\[ \dfrac{2x-1}{(x-1)^2}=\dfrac{A}{x-1}+\dfrac{B}{(x-1)^2} \]

There must be a partial fraction present for each power of \(( bx+c)\) less than or equal to \(n\). Furthermore, only the constant corresponding to \(( bx+c )^n\) may be found by Heaviside's method.

\( \dfrac{2x-1}{(x-1)^2}=2x-1\) so \(B=2x-1\Huge|_{\normalsize x=1}\normalsize =2(1)-1=1\)


So \(\dfrac{2x-1}{(x-1)^2}=\dfrac{A}{x-1}+\dfrac{1}{(x-1)^2}\).

To find the other constant \(A\) multiply both sides by the least common denominator in this equation to clear the fractions:





This last equation is an identity which means it must be true for all values of \(x\). The only way this can be true is if \(A=2\).

So \(\dfrac{2x-1}{(x-1)^2}=\dfrac{2}{x-1}+\dfrac{1}{(x-1)^2}\)

Exercise 2.8.2

Find the partial fraction decomposition of \(\dfrac{x-4}{(x-2)^2}\).

See Solution

Another example

Now let's decompose

\[ \dfrac{-x^2+4x+10}{(x+2)(x+1)^2}=\dfrac{A}{x+2}+\dfrac{B}{x+1}+\dfrac{C}{(x+1)^2} \]

Using Heaviside's method to find \(A\) and \(C\),

\[ A=\dfrac{-x^2+4x+10}{(x+1)^2}\Huge|_{\normalsize x=-2}\normalsize=-2 \] \[ C=\dfrac{-x^2+4x+10}{x+2}\Huge|_{\normalsize x=-1}\normalsize=5 \]


\[ \dfrac{-x^2+4x+10}{(x+2)(x+1)^2}=\dfrac{-2}{x+2}+\dfrac{B}{x+1}+\dfrac{5}{(x+1)^2} \]

Clearing the fractions yields

\[ -x^2+4x+10 = -2(x+1)^2+B(x+2)(x+1)+5(x+2) \]

Since we only need to solve for one number, \(B\), rather than simplify the expression on the right, pick some value of \(x\) (not \(- 1\) or \(- 2\), lest B vanish!) and solve for B. Remember, this equation is an identity, which means that it is true for every value of \(x\). So we pick a value of \(x\) which will make the computation as simple as possible, such as \( x = 0\). Substituting \(x=0\)$ into the equation yields Then the equation reduces to \(10 = - 2 + 2 B + 10\). Thus, \(B = 1\). If you are sceptical that this will always give the correct value of \(B\), then instead of substituting \(x=0\) pick some other value for \(x\). You will still arrive at the value \(B=1\).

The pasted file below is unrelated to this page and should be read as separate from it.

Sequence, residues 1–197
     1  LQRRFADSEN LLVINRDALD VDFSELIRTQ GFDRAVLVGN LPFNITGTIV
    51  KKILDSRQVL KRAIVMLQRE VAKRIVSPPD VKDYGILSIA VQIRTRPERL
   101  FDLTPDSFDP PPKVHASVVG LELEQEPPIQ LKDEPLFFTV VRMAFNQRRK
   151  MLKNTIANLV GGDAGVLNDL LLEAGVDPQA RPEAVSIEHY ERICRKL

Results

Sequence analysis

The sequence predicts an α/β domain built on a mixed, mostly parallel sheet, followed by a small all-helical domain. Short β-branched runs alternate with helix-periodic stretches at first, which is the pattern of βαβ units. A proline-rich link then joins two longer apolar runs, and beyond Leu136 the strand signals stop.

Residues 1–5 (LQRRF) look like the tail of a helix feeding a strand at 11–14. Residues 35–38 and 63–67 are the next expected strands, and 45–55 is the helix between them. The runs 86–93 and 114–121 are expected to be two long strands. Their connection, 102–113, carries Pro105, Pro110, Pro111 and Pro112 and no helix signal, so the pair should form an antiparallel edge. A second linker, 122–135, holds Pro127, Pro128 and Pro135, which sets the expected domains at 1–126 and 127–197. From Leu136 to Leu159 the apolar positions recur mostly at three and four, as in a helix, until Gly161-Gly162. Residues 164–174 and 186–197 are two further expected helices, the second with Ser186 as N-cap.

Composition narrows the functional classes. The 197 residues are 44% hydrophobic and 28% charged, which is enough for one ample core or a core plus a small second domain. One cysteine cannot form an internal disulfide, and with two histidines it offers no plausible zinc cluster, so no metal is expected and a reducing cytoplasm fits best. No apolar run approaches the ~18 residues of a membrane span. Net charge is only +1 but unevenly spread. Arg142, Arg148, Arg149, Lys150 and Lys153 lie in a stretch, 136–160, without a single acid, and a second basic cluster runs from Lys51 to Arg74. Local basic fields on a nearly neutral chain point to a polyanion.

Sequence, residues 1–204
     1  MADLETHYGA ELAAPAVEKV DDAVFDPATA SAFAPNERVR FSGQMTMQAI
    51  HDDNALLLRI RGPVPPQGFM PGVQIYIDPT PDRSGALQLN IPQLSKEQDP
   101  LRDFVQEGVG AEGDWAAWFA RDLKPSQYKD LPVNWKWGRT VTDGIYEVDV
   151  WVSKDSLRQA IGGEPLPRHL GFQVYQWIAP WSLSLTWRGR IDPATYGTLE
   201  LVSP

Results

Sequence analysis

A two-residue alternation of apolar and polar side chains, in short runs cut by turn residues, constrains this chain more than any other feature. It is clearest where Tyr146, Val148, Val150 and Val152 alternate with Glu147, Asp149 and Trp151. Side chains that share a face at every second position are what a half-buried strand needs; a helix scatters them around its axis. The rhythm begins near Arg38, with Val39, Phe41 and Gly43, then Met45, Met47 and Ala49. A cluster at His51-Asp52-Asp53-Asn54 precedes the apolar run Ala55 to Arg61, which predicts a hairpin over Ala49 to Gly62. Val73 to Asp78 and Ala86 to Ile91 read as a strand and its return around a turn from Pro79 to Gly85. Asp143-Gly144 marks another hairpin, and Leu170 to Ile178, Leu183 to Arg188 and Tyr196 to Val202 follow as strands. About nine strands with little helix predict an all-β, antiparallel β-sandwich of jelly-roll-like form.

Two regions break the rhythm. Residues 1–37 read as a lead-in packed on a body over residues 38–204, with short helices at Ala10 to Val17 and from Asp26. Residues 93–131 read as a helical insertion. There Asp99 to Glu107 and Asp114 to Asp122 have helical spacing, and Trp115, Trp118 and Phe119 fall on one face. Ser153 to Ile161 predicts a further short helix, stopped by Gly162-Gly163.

So the decomposition is

\[ \dfrac{-x^2+4x+10}{(x+2)(x+1)^2}=\dfrac{-2}{x+2}+\dfrac{1}{x+1}+\dfrac{5}{(x+1)^2} \]

Exercise 2.8.3

Decompose \(\dfrac{5x^2-15x+7}{(x+1)(x-2)^2}\).

See Solution

Irreducible quadratic factors

What about factors in the denominators of the form \((ax^2+bx+c)^n\)? Unfortunately, we cannot use Heaviside's method to find the constants associated with quadratic terms. We will illustrate the process with the following example where \(n=1\).

Decompose \(\dfrac{7x^2-10x+19}{(x-3)(x^2+4)}\).


We find \(A=4\) easily using Heaviside's method but we must find \(B\) and \(C\) by clearing the fractions and simplifying the right side of the equation by collecting like terms:

\(\begin{eqnarray*} \dfrac{7x^2-10x+19}{(x-3)(x^2+4)}&=&\dfrac{4}{x-3}+\dfrac{Bx+C}{x^2+4}\\ 7x^2-10x+19&=&4(x^2+4)+(Bx+C)(x-3)\\ &=&(4+B)x^2+(C-3B)x+(16-3C) \end{eqnarray*}\)

Thus, \(7 = 4 + B\), so \(B = 3\). And since \(C - 3B = -10\), then \(C = -1\). Furthermore, these values are confirmed by \(16-3B=19\).

So the decomposition is \(\dfrac{7x^2-10x+19}{(x-3)(x^2+4)}=\dfrac{4}{x-3}+\dfrac{3x-1}{x^2+4}\).

Exercise 2.8.4

Decompose \(\dfrac{3x^2+7x+10}{(x+2)(x^2+x+2)}\).

See Solution

A quadratic factor with \(n > 1\).

Decompose \(\dfrac{x^3+2x^2+3x+1}{(x^2+1)^2}=\dfrac{Ax+B}{x^2+1}+\dfrac{Cx+D}{(x^2+1)^2}\).

Clearing the fractions yields \(x^3+2x^2+3x+1=(Ax+B)(x^2+1)+Cx+D=Ax^3+Bx^2+(A+C)x+(B+D)\).

So \(A = 1\) and \(B = 2\). Since \(A + C = 3\), \(C = 2\). And since \(B + D = 1, D = -1\).

Thus the partial fraction decomposition is

\[ \dfrac{x^3+2x^2+3x+1}{(x^2+1)^2}=\dfrac{x+2}{x^2+1}+\dfrac{2x-1}{(x^2+1)^2} \]

Exercise 2.8.5

Decompose into partial fractions: \( \dfrac{2x^3-4x^2+11x-1}{(x^2-2x+5)^2} \)

See Solution